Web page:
Finally: Results of the World’s Greatest Study on Kindness Returned. Here’s What We Found Out

In 2021, 60,000 people took part in a University of Sussex study. The subject: Kindness. Now, the results have finally come back. Towards the tail end of the 1990’s, Joey Tribbiani from the TV sitcom Friends may have been the world’s pre-prominent scholar on kindness.

“There are no unselfish good deeds,” Tribbianai declared in one episode, sparking an argument with the character of Phoebe Buffay about altruism. She believed the opposite. And she spent the next 20 minutes of the episode failing to prove him wrong.

Now, thirty years down the road the subject has sprung up once more, this time on a BBC Radio 4 documentary series called the Anatomy of Kindness. Based upon the results of the world’s greatest study on kindness, what does the analysis tell us? And was Tribbiani right?

“What’s exciting about this research is that so many people took part,” says the psychologist and broadcaster Claudia Hammond, who presented the show. “And that they’re also seeing plenty of kind acts going on around them,” she adds. “But we also learned about what’s stopping people from being as kind as they might like to and maybe that’s where we need to take action”

The study was driven by Robin Banerjee, head of the School of Psychology at the University of Sussex, exactly 60,000 individuals participated in the study, and the findings have been productive in this lesser-explored field. “We realized that kindness as a topic has not received that much attention in terms of the academic literature,” he says.

When Banerjee revisited the scientific journals from the 1980s, he discovered that there were only a mere 35 articles on the topic. Somewhere between the range of 2010 and 2019 that number had grown to nearly 1,000.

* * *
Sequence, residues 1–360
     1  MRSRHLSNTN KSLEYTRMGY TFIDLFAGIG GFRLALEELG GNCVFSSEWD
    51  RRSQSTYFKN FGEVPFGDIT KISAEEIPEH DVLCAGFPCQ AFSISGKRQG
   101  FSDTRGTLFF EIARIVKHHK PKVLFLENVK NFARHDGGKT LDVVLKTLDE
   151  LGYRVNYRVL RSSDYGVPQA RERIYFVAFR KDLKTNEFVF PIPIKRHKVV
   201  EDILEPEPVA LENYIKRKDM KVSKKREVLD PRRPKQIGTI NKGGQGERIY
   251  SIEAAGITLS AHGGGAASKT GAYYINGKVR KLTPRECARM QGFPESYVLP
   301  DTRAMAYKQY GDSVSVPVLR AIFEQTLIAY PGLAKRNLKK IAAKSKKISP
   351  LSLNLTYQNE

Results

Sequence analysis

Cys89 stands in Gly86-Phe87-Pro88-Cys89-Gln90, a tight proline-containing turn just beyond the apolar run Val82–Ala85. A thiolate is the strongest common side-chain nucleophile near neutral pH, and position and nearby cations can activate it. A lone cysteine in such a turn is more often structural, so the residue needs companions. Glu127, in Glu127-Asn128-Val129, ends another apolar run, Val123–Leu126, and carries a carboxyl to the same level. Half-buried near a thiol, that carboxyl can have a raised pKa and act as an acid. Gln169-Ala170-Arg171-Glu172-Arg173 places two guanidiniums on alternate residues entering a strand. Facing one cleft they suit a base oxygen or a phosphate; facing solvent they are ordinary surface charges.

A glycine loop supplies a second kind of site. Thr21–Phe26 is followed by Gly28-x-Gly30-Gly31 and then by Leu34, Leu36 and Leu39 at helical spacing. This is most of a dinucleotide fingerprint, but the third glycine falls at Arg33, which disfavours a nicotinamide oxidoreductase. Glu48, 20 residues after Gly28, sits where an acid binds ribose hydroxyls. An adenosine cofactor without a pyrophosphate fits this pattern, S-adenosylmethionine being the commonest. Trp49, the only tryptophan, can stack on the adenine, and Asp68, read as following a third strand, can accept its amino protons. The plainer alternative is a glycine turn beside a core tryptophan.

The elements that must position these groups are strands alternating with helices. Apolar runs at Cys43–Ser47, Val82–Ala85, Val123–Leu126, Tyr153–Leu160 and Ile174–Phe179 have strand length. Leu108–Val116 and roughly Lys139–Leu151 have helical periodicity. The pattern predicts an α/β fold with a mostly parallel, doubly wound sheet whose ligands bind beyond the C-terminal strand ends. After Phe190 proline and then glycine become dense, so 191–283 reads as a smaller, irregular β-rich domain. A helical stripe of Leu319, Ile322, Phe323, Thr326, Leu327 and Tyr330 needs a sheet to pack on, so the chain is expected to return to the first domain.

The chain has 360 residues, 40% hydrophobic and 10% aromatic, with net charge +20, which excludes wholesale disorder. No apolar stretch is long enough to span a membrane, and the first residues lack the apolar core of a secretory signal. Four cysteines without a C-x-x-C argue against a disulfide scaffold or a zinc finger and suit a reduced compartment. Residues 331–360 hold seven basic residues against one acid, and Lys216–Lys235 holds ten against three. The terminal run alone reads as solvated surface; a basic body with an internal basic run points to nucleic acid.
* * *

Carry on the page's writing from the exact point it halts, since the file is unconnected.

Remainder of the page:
“So, we embarked on designing this Kindness Test to really shine a light on kindness, because we feel it’s likely to be all around us, but we don’t really know just how much people are experiencing it,” he adds.

The sorts of kindness individuals received were not always remarkable acts of generosity or selflessness. Sometimes it was more of a simple kind gesture such as presenting them a cup of tea.

Turns out, up to three quarters of respondents said that their family or closest friends displayed these types of kind gestures towards them “quite often” or “on a regular basis”, while 43% said someone had been kind to them within the last day.

“What you might call ‘common courtesy’, what you might call ‘being polite’, if it’s motivated by a care for another’s welfare – even if it’s a tiny thing, like holding the door for someone, or smiling at someone – that is kindness,” says Banerjee. “Those little moments add up.”

That could explain why 66% of the test respondents said that the pandemic made people kinder. It might have been the small things: shopping for one another, checking in on lonely people, clapping for caregivers, and the like that made such a difference.

While generally speaking, the study discovered that people felt the levels of kindness they’d encountered in their lifetime had either been the same as always (39%) or decreased from there (36%), the pandemic seemed to disrupt that pattern.

“It was very striking,” says Banerjee. “It really made me think about the social context of all of this. We all have a role to play in kindness. This isn’t just about individuals doing their thing, it’s also about us coming together as a collective.”

The group will begin to examine the immense dataset in full, publishing their discoveries in a number of academic journals. However, the work even as of now appears to show, perhaps obviously, that kindness and other pro-social behavior can assist people in connecting in a positive way.

Perhaps that is the main end to be drawn from the Kindness Test: it’s easy to be attracted to the horrors of the world and consumed by images of darkness or negativity in the media and on the web, however kindness and light are all around us – and people need more of it.

So, was Joey Tribbiani wrong? Is there such a thing as an unselfish decent deed?

“Yes, there is”, says Hammond, who investigated the idea of ‘pure kindness’ from a transformative, neuroscientific and mental viewpoint on the show.

“But more often we’re motivated by a combination of factors, and good deeds bring benefits to us as well as to the person we’re helping,” she adds. “If that motivates us to be kind more often, then in my view that’s okay.”

This story syndicated with permission from My Faith News

Notice: This article may contain commentary that reflects the author's opinion.

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